How to set up a content change watchdog for any website in 5 minutes

Jakub Balada
4 min readJan 9, 2019


Some websites, typically in the area of e-commerce, provide a feature called a watchdog that you can use to get a notification when something changes (usually a product price). This is really handy — you don’t need to remember to regularly open the same page to see if something changed. Now, with a new public actor on Apify, you can set up such a watchdog for any website and get an email notification whenever the content you want to monitor changes.

Watchdog at

Just think about how often you’ve checked the same page every evening to see if tickets are already on sale, a product price is below the price you want to pay, your competitor changed his homepage or there’s new version of a library you are dependent on.

Now all you have to do is:

  1. Have an account on Apify (the free one will work for most cases)
  2. Create a Task for a generic Content Checker Actor with URL, content selector and email address for notification as an input
  3. Schedule your Task (to run hourly, for example)

Once this is set, your task will run periodically on the Apify platform and send you a notification when the content of the selector you’ve defined changes. Here’s an example of such a notification:

Email notification from Content Checker Actor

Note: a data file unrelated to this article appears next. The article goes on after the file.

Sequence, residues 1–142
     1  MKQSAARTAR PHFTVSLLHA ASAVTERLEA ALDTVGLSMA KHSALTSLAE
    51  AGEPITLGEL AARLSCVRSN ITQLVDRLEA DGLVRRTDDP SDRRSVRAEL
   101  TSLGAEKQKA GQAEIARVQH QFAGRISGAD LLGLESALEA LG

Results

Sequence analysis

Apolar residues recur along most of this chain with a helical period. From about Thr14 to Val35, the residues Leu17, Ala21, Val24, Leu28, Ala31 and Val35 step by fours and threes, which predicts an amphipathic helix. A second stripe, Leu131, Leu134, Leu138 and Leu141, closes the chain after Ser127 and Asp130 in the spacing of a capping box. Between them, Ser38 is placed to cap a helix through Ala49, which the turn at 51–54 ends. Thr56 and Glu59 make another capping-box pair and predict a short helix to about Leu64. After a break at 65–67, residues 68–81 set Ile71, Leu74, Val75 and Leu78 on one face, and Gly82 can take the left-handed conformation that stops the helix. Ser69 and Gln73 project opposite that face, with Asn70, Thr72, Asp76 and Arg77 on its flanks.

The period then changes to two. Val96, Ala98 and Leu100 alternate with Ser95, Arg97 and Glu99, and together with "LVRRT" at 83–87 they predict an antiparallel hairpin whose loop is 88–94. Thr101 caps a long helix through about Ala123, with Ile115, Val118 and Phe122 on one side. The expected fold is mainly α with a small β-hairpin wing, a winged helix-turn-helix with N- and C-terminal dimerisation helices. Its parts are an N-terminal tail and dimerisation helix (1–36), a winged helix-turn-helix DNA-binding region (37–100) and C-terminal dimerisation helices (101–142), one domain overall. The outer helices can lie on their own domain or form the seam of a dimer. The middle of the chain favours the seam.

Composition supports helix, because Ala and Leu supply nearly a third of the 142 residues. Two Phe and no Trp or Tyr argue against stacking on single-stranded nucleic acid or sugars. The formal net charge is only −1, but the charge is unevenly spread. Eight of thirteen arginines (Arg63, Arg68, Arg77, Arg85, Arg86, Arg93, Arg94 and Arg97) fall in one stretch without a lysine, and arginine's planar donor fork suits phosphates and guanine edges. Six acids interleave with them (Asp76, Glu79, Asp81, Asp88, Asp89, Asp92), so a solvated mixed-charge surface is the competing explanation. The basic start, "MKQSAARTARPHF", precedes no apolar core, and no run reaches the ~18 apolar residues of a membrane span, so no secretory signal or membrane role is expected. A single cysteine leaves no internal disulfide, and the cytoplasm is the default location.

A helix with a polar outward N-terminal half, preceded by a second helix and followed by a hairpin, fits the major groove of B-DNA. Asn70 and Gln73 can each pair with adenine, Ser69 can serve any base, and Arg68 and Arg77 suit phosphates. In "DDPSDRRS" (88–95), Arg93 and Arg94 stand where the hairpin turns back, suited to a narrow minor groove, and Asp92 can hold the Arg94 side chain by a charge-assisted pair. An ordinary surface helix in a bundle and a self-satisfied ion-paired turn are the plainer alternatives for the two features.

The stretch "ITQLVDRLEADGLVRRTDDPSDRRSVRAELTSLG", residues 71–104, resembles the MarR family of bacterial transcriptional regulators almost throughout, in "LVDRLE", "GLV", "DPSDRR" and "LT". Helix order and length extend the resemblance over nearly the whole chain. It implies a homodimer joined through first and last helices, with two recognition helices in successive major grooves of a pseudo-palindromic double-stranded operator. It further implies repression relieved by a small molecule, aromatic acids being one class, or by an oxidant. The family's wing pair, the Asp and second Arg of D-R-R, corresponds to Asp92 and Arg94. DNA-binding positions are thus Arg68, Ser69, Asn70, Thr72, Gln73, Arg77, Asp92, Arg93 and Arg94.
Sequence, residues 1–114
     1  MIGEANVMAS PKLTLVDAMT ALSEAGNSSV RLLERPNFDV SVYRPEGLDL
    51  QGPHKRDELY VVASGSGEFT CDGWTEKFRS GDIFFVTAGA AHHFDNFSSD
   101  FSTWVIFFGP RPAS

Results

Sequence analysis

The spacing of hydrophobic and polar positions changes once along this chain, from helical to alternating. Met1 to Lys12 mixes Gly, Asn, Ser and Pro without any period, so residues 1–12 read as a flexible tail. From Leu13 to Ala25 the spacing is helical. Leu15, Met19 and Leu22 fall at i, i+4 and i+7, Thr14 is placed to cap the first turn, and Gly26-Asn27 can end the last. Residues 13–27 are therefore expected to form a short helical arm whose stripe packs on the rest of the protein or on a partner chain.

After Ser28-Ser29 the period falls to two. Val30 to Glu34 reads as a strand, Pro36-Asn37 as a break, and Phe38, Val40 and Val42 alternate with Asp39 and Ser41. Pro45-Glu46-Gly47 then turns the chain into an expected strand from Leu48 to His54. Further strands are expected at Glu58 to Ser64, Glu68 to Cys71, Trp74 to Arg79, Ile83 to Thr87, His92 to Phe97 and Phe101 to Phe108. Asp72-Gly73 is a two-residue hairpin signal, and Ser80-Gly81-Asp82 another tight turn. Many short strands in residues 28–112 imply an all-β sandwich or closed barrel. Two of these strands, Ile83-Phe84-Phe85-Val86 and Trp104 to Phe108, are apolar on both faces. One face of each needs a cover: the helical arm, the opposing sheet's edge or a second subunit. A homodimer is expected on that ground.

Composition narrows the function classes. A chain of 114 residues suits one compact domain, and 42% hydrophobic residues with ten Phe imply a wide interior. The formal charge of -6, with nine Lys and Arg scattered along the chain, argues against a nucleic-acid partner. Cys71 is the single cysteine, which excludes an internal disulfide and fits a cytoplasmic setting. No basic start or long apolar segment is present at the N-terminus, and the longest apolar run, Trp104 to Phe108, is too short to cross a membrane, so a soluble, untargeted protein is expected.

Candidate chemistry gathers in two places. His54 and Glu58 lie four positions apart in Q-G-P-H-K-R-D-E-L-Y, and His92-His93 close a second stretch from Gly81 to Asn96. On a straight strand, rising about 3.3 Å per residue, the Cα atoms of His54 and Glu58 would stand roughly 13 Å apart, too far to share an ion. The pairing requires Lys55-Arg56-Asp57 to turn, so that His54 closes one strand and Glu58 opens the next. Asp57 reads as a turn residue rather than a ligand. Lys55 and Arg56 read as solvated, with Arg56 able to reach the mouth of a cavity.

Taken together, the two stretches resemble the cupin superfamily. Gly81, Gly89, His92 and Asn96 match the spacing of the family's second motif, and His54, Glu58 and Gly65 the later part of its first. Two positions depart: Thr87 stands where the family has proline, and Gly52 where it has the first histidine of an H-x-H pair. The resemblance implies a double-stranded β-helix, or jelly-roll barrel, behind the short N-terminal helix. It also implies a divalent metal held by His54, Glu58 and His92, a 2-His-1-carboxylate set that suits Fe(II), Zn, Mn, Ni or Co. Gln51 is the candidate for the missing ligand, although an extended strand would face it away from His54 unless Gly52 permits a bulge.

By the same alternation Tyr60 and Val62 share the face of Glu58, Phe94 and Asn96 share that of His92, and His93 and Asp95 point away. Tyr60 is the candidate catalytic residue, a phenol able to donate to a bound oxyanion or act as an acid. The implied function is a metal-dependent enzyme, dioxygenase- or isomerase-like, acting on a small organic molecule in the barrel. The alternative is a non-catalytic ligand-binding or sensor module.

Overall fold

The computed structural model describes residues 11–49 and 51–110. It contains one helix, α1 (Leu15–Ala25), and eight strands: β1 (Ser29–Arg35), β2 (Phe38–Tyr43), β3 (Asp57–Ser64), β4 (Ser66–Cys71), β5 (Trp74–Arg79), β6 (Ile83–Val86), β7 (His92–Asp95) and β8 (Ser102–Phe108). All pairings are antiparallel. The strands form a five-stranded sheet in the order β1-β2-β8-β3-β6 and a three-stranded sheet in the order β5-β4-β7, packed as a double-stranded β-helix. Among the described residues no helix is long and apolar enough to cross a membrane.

Step-by-step tutorial

Imagine you have a project running on Kickstarter and want to get a notification when the pledged amount changes. Kickstarter doesn’t provide native notifications or an API for that, so let’s set up a watchdog on Apify.

  1. Create a free account on if you don’t already have one
  2. Hit the Try actor button on the Content Checker public page
  3. Click on the Create task button

In the Input tab, you see the default configuration (monitoring Apify’s changelog):

Default input of Content Checker Actor

4. Set URL to check (e.g. this handy Kickstarter project)

5. Set Monitored area selector, i.e. the CSS selector you want to check

You can use Chrome developer tools for step 5 (right-click on the text you want to monitor, select Inspect and find the correct CSS selector):

Inspect element using Chrome dev tools

Or you can use our Page Analyzer. Just fill in the URL and actual text content. Page Analyzer checks the page and tries to find the CSS selector for you. You can find it in the HTML section:

Page Analyzer results

In our case, we’ll use this selector to monitor the amount pledged: “.mb2-lg .flex”

6. You can optionally set Screenshot selector, which is used to get and send screenshots in the email notification (previous and current screenshot)

You can find the CSS selector for the screenshot in the same way as for the Content selector. If you don’t define it, the CSS selector for content will be used for the screenshot. In our case, we use “.col-full.block-lg .flex”

7. Set an email address for notification

So, our Task input looks like this now:

Task’s input for our case

8. Give your Task a name (optional)

You can set a name for your task in the Settings tab:

Task’s settings tab

9. Schedule your Task

Go to the Schedules section and create a new Scheduler:

New Scheduler

You can name your Scheduler and set a Cron expression defining how often your task will run. You can keep @daily there.

Go to the Tasks tab, choose your Task and click Save:

Scheduled Task

And that’s it — you’re all set. The Task will run every day, scrape the content of your selector, compare it with the previous run and send you a notification if the content changes (along with previous and current content and screenshot).

You can see the complete documentation and source code of the Content Checker Actor in this GitHub repository. If you come across any problems when using this actor, just create an issue there.

Happy monitoring!